The giant spun around, swiping with a double fisted blow again, and getting enough of Niccolo's shoulder send him spinning. The giant turned and lifted his hands to deal a massive blow to the princess, who was cooly standing in place, seemingly unphased by the coming onslaught. She dropped one hand to the right, revealing a metal sphere, somewhat larger than her fist, and in the other, a bit of phosphorus and flint. With a flourish, she snapped her fingers, creating a trail of flame that lit a small hole in the sphere. Instantly silver sparks began sputtering out of it, and she tossed it straight into the gut of the giant. There was a thundering pressure, an almost blinding flash, and the giant was launched backwards over the edge of the railing.
This sound seemed to deafen the wyrm, and Albrecht used the opening to wrap his arm up and around piercing one of the herald's four eyes. The herald then began igniting like a pounder fuse, and disappeared in an orange flash of his own, leading to a cloud of dark choking smoke. Albrecht was not burned, but was covered with some kind of glutinous soot.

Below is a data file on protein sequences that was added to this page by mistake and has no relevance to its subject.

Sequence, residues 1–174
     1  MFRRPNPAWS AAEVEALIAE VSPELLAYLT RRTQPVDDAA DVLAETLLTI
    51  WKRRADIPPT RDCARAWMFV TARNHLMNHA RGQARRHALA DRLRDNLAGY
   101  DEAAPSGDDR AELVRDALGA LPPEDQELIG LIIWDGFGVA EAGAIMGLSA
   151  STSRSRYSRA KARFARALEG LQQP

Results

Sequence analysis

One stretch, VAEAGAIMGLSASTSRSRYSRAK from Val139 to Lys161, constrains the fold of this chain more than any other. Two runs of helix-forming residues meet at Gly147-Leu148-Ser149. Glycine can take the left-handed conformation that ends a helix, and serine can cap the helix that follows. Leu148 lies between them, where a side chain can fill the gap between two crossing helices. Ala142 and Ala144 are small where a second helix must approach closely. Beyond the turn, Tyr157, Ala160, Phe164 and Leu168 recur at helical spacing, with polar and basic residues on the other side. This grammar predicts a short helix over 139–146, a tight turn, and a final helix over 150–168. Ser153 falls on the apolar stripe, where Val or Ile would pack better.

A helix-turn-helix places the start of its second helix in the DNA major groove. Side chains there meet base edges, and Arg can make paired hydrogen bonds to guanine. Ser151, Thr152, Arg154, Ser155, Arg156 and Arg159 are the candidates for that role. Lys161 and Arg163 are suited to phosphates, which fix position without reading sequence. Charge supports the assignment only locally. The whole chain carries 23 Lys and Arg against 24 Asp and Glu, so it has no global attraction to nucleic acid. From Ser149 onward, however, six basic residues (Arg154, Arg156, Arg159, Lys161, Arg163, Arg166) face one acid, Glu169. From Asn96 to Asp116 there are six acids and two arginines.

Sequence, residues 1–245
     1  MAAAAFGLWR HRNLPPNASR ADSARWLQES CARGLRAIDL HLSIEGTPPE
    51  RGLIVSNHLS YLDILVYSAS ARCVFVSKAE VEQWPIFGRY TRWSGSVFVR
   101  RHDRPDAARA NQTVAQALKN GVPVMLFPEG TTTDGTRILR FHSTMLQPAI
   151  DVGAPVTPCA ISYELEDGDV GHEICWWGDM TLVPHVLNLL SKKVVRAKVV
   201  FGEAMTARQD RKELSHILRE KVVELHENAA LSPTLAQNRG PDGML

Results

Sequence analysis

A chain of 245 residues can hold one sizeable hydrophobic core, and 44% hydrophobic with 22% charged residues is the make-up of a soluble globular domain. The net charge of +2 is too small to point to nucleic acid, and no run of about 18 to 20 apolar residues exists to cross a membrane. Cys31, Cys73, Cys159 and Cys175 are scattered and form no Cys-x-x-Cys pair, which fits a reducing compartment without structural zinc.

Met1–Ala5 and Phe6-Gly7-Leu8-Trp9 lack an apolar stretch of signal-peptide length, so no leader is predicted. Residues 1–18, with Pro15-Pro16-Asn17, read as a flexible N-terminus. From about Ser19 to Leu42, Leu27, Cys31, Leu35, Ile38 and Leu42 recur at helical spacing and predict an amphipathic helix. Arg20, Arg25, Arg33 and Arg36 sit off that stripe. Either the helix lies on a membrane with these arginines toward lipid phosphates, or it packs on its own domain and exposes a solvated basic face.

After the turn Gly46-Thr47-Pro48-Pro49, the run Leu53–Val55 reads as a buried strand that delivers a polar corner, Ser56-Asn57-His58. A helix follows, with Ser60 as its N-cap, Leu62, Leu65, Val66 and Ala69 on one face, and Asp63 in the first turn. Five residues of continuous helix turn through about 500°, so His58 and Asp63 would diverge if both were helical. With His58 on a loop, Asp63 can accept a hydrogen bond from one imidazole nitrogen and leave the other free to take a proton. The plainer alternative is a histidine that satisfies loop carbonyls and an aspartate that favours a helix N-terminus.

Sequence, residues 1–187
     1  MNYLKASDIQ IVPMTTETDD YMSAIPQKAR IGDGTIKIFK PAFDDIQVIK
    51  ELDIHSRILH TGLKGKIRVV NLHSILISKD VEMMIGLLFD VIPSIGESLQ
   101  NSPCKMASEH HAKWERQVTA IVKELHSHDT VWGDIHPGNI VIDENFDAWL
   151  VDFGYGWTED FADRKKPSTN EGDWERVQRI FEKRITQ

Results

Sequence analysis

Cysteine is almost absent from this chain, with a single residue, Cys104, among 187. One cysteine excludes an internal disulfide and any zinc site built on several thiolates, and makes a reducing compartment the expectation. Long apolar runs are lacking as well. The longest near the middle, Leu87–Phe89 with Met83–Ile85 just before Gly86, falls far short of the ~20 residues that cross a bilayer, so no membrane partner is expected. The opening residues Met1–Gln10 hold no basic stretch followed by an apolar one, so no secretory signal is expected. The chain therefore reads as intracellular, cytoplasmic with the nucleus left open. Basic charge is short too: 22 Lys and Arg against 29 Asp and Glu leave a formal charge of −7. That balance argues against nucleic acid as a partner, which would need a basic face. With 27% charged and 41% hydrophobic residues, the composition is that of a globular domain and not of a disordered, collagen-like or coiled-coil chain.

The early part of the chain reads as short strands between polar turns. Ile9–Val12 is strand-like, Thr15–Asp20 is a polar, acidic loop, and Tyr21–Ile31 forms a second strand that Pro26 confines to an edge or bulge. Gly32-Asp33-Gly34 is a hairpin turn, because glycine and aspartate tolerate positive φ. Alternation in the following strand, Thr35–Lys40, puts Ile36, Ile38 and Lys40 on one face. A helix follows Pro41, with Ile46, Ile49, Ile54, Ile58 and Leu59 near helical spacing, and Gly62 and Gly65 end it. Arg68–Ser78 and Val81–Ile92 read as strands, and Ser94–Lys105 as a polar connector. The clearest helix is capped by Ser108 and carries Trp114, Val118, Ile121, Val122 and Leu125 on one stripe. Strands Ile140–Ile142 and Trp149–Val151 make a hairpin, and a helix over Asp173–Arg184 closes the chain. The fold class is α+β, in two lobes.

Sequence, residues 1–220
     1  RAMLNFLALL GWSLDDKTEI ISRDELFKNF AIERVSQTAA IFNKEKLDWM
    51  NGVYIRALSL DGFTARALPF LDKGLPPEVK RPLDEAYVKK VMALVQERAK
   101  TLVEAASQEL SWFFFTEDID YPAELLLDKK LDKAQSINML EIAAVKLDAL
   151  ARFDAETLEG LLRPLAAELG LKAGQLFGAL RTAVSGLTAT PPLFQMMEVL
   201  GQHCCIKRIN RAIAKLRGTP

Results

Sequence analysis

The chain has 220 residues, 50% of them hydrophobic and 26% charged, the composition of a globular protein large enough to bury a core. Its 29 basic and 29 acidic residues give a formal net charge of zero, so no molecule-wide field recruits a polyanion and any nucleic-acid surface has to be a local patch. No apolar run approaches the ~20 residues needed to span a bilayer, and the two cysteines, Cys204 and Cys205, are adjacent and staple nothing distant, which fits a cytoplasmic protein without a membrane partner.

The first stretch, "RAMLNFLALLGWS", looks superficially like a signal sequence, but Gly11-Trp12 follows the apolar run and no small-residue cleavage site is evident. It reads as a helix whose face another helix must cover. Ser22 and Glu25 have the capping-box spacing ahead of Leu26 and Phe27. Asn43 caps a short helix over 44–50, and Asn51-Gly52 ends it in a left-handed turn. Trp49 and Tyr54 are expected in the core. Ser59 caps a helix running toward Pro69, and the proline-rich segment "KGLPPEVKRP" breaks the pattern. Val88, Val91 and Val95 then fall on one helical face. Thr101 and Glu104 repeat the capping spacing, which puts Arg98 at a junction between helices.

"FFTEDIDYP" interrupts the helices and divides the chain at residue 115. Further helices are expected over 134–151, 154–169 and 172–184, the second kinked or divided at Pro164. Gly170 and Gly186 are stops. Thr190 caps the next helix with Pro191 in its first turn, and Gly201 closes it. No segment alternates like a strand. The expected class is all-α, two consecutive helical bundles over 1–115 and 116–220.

As quickly as the brawl started, it was quiet, with only the remaining undamaged equipment spinning. The astrologer surveyed the damage, which was worse to the telescope, but otherwise minor to everything else, though one of his wood stands had been utterly smashed being used as a makeshift shield, and one chair was in splinters. Papers were scattered about, and several small wire instruments were tangled and crumpled. It could have been worse. There was also a layer of grey and black ash over everything. He realized that Morwethe was missing.
“Where is the lady priestess?”
Niccolo picked himself up and strained his injured shoulder, he pointed to footsteps across the soot that lead down to the spiral. “I think she must have run down after the giant.”